• I forget the gospel when I feel I need to make up my shortcomings to God, and I don’t remember that Jesus gives me his perfect record as my own.
• I forget the gospel when I feel crushed that my church isn’t as big as the church down the street, and I forget that God doesn’t measure me by the size of the church but by the success of Christ’s finished work for me.
• I forget the gospel when I feel bitter toward people who have offended me and owe me an apology that’s never coming, and I forget that every selfish, sinful act of mine is a deep offense against God. Yet, he forgives me not because I was the most sorrowful, but because He is the most graceful.
• I forget the gospel when I look to success, approval, sensuality, food, etc. to satisfy me, and I forget that God has given me the only thing that can truly satisfy me – Himself.
• I forget the gospel when I present my “resume” to God and others so they will like me, and I forget that the only resume that counts is Jesus’, and He puts my name on His resume.

Therefore, our attempt at a rehearsal of the gospel every Sunday is because it’s so easy to forget.  At GBCK we want to develop deep grooves of the gospel in our soul.  The songs, the sermon, and the sacraments serve to put the gospel on repeat in our minds and our hearts.  They serve to retell the gospel drama in all its parts.

The singing, the preaching, and the observing of the sacraments heal us from gospel amnesia and returns us to our true source of joy, peace, and contentment.  May we never try to escape the groove of the gospel, but may we ask the Spirit to continually etch the gospel on our hearts.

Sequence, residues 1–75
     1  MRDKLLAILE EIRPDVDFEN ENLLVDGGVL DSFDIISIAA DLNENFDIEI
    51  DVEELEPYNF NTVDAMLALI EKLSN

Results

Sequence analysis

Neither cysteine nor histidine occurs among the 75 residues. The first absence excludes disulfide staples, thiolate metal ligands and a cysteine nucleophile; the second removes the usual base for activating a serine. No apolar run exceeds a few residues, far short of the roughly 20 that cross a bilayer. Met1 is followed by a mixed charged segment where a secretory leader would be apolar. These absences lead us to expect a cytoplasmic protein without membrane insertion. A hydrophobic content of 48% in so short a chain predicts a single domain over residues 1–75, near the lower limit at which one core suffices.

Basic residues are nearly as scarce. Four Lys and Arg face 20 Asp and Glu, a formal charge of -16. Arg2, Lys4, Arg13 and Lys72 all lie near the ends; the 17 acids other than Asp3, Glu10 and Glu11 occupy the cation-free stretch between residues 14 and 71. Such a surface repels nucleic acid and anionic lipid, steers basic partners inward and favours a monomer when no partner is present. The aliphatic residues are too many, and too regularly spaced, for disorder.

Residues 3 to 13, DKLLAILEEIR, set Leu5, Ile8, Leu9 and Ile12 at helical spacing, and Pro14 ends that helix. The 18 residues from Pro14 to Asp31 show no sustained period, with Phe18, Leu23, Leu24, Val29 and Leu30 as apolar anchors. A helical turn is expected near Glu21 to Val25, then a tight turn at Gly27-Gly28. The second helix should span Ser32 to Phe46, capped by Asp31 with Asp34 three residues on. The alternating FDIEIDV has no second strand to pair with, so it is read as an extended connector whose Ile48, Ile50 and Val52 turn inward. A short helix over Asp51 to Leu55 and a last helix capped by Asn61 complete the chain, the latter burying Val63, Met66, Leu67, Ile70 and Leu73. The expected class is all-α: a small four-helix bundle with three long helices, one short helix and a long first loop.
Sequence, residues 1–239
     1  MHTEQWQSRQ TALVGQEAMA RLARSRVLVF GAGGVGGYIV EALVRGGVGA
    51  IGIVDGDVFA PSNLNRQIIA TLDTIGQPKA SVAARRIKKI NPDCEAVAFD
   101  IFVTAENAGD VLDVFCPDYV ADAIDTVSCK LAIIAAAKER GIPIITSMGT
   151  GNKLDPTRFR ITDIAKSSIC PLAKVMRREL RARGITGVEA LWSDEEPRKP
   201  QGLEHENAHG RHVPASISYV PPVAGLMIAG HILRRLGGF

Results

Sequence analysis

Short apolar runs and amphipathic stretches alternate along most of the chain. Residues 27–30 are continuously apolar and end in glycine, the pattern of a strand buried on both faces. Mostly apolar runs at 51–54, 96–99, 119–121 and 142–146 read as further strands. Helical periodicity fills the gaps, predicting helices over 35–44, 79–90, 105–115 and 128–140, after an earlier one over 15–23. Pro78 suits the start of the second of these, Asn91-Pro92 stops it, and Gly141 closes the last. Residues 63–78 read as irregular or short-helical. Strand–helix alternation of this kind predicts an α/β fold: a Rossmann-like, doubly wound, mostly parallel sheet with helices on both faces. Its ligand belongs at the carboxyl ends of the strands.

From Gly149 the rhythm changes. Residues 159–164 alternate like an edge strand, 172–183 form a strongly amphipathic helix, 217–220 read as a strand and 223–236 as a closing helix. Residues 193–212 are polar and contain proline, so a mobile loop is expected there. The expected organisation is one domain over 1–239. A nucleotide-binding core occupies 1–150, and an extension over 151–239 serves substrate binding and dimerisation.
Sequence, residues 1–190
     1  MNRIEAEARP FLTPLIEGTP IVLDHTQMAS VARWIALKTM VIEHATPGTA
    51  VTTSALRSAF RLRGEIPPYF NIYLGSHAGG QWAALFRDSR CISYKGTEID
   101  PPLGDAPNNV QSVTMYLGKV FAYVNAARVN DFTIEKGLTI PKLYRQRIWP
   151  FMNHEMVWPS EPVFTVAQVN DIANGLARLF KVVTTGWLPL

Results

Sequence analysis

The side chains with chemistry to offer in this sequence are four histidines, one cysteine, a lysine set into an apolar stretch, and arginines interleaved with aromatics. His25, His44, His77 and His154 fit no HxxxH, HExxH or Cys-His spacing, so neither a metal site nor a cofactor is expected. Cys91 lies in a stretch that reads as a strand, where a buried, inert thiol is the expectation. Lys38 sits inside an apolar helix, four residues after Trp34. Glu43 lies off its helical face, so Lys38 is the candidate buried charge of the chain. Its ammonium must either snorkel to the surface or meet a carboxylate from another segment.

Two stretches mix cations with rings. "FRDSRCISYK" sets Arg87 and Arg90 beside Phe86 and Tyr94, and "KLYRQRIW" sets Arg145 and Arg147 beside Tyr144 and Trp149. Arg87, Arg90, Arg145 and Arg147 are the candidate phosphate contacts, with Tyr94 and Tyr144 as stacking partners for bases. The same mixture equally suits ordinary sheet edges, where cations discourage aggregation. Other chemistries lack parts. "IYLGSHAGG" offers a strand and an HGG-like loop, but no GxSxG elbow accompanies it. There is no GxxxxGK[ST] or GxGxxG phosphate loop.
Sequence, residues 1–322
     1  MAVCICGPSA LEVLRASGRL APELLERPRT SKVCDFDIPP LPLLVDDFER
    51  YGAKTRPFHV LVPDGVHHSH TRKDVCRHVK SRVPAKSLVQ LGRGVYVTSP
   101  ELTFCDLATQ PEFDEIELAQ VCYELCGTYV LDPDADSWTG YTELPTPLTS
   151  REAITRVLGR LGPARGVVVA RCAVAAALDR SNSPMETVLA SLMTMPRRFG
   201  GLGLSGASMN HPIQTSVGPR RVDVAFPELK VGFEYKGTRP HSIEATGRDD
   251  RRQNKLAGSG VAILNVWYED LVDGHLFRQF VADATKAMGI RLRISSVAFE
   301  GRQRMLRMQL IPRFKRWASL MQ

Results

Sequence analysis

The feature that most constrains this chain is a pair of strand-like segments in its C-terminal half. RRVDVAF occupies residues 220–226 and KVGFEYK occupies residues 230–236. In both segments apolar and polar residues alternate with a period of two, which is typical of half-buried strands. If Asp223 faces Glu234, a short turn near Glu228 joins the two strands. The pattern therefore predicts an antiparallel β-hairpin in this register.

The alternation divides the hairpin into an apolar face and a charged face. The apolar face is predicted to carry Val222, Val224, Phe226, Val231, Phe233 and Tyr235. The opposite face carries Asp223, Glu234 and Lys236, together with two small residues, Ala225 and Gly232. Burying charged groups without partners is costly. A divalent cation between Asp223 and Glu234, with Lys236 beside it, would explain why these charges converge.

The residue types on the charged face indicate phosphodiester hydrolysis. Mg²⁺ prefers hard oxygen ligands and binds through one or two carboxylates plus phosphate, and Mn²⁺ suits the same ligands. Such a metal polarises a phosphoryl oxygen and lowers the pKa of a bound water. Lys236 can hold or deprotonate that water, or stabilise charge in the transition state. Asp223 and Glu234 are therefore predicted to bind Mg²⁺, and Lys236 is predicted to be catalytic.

Transformed Worship

blue-worship-hand2-1Over the years in Christian ministry I’ve often heard that we need to teach people how to worship.  I interpret this to mean that we need to teach people a way to show worship. Depending on your church tradition, you can show worship by standing, sitting, clapping, eyes opened or closed, dancing, staying still, loud singing, reflective singing, hands and arms raised, folded, clasped, shaking, etc.  Over time I’ve come to understand that you can’t teach people to worship because we are born worshippers; we will worship something.  Our hearts are wired to proclaim that something or that someone has our ultimate affection, and without it we will die.  The problem with worship isn’t how we worship, it’s what we worship.  Paul says in Romans that we sinful humans “exchanged the truth about God for a lie, and worshiped and served created things rather than the Creator…”

So the aim isn’t to teach people how to worship, the aim is to point ourselves and others to a new object of worship, who is Jesus. Paul prays in Ephesians 1 that the eyes of our heart be opened so we can see the beauty of God’s work in Jesus to rescue the rebellious by forgiving sin and imputing righteousness.  God’s rescue clears the way for us to receive the ultimate, most satisfying gift – God himself.

As this good news washes over us again and again, our heart’s affection begins to change.  After a while, we begin to see the emptiness of the things we worshipped, we see that rust and moth will eventually have their way with our “idols” which will end up in either a landfill, or a grave.  Ultimately, our worship isn’t learned, it’s transformed.